Can you bring about social change by printing out 500 badges? One man certainly thought so – and his proposal has caused an uproar. On September 28th, American NHS worker Jonathan Dunne tried to make the London Underground a friendlier place by distributing badges suggesting “Tube chat?”. Twitter reactions were immediate, with public outcry at his ‘monstrous’ offer, and a creative outpour of witty resistance badges. TfL quickly announced its branding had been used without consent, with the story being republished and read worldwide. But why exactly has a two-word question printed on plastic circles got everyone so animated?
The London Underground has been around for 153 years, with passengers making 4.8 million journeys a day, but this is the first time such an experiment has been tested. Badge-wearing on public transport is also quite a new idea, with the first Baby-On-Board badge (used to help pregnant women get a seat on the tube) issued in 2005. Did Johnathan Dunne realise he had suggested the unthinkable, and was about to become a Twitter celebrity overnight? The American’s badges have effectively sent London commuters into shock – precisely because they are asking for a lot more than a spot of small talk to pass the time. ‘Tube chat’ forces us to ask philosophical questions about who we are, and how we should live. Do London commuters form a type of ‘community’? Is it ‘British’ of us to want other commuters to remain strangers? And will more social interaction bring about new forms of wellbeing, or increased social exhaustion?
Sociologists and anthropologists have been asking the same sort of questions long before tube chat badges. As early as 1908, Georg Simmel wrote about ‘the stranger’ as a sociological type central to the fabric of urban society. The Tube became the perfect human laboratory for Erving Goffman and Marc Augé, who showed fascination with ongoing displays of ‘civil inattention’ – including practices of avoiding eye contact, pretending to sleep, and the like. Augé claims such spaces only hold together because of a silent agreement to know nothing about the lives of surrounding passengers. So what happens when someone breaks the unspoken code?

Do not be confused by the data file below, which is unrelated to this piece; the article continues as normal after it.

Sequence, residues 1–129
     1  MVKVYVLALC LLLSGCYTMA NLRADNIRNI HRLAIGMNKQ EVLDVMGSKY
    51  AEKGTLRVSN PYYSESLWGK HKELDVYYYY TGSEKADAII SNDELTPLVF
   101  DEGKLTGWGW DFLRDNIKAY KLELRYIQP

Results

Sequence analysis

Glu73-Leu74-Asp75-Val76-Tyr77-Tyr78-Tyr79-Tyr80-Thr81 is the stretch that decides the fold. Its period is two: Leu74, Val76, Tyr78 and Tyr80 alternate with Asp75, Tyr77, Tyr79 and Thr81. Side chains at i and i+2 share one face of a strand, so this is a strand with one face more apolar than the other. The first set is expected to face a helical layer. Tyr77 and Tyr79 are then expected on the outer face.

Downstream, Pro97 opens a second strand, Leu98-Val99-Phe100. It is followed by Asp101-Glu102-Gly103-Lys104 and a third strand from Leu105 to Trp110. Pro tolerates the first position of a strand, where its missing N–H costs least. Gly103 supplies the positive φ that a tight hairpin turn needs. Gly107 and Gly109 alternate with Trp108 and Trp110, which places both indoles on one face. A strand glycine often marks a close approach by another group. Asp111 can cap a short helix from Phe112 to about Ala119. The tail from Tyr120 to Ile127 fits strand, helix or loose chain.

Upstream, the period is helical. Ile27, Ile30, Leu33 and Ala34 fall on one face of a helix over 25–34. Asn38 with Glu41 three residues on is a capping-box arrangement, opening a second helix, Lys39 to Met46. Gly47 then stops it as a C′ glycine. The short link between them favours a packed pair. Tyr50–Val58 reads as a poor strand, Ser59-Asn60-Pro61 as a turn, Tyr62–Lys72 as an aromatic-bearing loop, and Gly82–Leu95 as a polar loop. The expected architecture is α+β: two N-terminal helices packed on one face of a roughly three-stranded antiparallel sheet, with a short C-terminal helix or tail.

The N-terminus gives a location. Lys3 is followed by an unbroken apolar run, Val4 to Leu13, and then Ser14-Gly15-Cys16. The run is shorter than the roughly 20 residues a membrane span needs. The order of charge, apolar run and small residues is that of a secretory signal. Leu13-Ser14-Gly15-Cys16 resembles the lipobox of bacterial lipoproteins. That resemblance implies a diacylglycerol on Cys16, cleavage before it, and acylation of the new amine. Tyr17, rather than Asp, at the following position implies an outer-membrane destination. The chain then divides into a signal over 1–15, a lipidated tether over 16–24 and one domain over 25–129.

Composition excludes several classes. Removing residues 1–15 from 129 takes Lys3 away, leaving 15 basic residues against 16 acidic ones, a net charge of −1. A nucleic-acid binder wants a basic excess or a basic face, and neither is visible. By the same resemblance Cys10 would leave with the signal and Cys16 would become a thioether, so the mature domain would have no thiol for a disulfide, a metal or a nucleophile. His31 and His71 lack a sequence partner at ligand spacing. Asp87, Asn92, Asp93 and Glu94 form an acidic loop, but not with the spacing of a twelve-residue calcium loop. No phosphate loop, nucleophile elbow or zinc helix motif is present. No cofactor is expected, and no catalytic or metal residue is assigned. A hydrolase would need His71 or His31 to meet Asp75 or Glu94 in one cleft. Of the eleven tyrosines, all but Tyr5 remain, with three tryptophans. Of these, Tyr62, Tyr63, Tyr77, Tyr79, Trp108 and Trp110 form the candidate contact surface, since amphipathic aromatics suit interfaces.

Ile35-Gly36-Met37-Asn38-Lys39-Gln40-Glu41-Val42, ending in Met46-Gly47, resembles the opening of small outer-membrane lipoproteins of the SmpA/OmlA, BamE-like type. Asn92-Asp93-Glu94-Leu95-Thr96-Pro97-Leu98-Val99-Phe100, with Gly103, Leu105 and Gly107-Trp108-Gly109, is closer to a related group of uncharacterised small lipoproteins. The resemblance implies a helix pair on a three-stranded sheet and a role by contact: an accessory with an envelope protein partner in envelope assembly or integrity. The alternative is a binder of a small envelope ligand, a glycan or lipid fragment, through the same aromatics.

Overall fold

Tony Blair famously gave it a go in 1999, and was served a good dollop of ‘civil inattention’ as he tried to strike up a conversation on the tube with the woman in the next seat – who promptly ignored him. One might thus be tempted to conclude that ‘Tube Chat’ is an impossible concept, and leave it at that. However, a number of Twitter users have also spoken up in defence of the project. Daily Mail reporters experimented wearing the badges themselves on the London Underground, and encountered mixed reactions, with many people happy to have a chat, and others practicing traditional forms of ‘civil inattention’. Critics however have been quick to point out that most conversations were stuck up with ‘non-British’ passengers. One Twitter user thus tellingly accused the badges of being a form of “US cultural imperialism” – suggesting that friendliness is not a British trait.
Perhaps the strangest consequence of the badges, is the fact that they have got absolute strangers, British and non-British alike, talking. Sure, only talking about not talking – and not in the designated place (the Tube) but on a totally different conversational platform (Twitter). In this light, there is another possible way of understanding the debate. Dunne told the BBC that the project was much less ‘fun’ than he had hoped. But it was certainly fun for a lot of other people involved – and a lot more so than chatting about the weather with strangers on the Tube. In the same way as Twitter’s 2014 ‘Sandwichgate’ episode, ‘Tube Chat’ appears to open up new opportunities. Opportunities for strangers to socialise through deliberately absurd resistance slogans and imagined futures of ‘Tube Chat’ – creative moments of shared humour that celebrate other meanings of Britishness.